Saturday, February 16, 2008

Start Simple, Build Complexity Over Time

I just ran across a post by Paul Graham titled Six Principles for Making New Things. Paul succinctly stated his principles as:

"I like to find (a) simple solutions (b) to overlooked problems (c) that actually need to be solved, and (d) deliver them as informally as possible, (e) starting with a very crude version 1, then (f) iterating rapidly."

Sweet. I like it. I was immediately reminded of one of my own often used design aphorisms:

Start simple, build complexity over time

Yes, I'm aware that the grammar is a bit awkward. And I also admit that this is just a variant on Occam's razor.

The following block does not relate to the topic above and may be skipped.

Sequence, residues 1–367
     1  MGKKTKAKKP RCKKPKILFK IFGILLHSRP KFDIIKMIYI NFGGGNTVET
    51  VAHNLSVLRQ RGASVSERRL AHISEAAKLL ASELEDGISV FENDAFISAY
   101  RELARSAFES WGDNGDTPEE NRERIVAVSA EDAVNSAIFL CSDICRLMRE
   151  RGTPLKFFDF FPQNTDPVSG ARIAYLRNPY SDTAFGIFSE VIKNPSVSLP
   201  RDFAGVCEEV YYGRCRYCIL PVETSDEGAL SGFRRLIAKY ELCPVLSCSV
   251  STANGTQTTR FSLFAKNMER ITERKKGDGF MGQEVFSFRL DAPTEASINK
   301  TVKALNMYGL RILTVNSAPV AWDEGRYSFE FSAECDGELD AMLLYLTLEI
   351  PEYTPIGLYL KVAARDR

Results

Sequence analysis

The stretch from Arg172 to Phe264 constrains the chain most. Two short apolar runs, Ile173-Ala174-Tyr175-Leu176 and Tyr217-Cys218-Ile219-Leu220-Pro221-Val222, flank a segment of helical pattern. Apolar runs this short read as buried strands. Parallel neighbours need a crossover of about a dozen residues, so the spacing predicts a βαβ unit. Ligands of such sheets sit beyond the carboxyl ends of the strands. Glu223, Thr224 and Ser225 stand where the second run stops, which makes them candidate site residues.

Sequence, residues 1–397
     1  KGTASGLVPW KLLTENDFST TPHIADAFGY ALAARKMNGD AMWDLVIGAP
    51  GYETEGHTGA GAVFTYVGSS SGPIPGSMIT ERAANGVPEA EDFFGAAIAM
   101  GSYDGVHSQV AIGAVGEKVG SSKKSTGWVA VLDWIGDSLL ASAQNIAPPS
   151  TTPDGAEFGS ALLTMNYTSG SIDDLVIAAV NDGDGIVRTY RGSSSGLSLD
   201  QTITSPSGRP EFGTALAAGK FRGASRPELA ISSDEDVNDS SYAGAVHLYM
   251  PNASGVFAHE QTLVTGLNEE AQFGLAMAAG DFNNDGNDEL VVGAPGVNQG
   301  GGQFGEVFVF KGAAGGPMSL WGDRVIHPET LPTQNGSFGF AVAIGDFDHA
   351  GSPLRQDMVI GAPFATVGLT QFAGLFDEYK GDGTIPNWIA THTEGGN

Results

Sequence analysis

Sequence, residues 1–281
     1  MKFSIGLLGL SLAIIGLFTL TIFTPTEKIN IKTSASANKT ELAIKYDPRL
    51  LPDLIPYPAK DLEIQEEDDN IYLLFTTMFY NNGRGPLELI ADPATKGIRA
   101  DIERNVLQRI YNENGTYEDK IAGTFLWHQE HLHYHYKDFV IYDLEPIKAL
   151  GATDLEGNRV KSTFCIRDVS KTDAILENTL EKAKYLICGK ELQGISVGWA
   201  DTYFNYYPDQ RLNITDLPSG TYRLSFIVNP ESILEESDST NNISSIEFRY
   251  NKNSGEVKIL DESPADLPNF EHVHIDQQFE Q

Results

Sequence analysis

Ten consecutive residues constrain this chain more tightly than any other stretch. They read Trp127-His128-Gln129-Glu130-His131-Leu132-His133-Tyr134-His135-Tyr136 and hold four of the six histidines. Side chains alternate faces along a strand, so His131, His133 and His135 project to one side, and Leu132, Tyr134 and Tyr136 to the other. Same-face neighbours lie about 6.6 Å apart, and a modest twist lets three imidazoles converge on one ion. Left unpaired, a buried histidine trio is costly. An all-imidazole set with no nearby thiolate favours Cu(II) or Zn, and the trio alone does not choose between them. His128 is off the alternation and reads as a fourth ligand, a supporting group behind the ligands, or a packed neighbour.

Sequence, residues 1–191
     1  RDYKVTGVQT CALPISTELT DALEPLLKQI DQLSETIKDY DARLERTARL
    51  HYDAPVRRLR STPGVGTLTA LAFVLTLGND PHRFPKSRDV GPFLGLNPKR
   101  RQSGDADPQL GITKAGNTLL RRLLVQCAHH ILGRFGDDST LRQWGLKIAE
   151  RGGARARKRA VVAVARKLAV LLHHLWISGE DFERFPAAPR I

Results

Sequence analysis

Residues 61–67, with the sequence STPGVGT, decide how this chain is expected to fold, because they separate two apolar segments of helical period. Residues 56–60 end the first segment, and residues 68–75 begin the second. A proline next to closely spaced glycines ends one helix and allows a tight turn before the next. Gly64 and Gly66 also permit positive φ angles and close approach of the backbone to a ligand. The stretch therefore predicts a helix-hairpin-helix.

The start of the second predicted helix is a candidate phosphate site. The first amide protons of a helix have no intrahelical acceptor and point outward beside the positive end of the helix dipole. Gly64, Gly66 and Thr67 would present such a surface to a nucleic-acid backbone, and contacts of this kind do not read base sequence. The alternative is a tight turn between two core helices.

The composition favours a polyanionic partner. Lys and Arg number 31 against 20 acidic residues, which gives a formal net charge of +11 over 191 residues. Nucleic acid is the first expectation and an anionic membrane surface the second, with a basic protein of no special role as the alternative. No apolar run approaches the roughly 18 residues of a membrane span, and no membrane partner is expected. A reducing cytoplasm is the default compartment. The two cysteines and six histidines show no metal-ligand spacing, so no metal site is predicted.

But I'm amazed at how often we in the software industry paint ourselves into design corners by violating the law of parsimony. Really good software design takes a tremendous amount of discipline, and a willingness to draw boundaries in the name of elegance, simplicity, and usability. Design for the essential, not the edge cases. It turns out to be much easier said than done.

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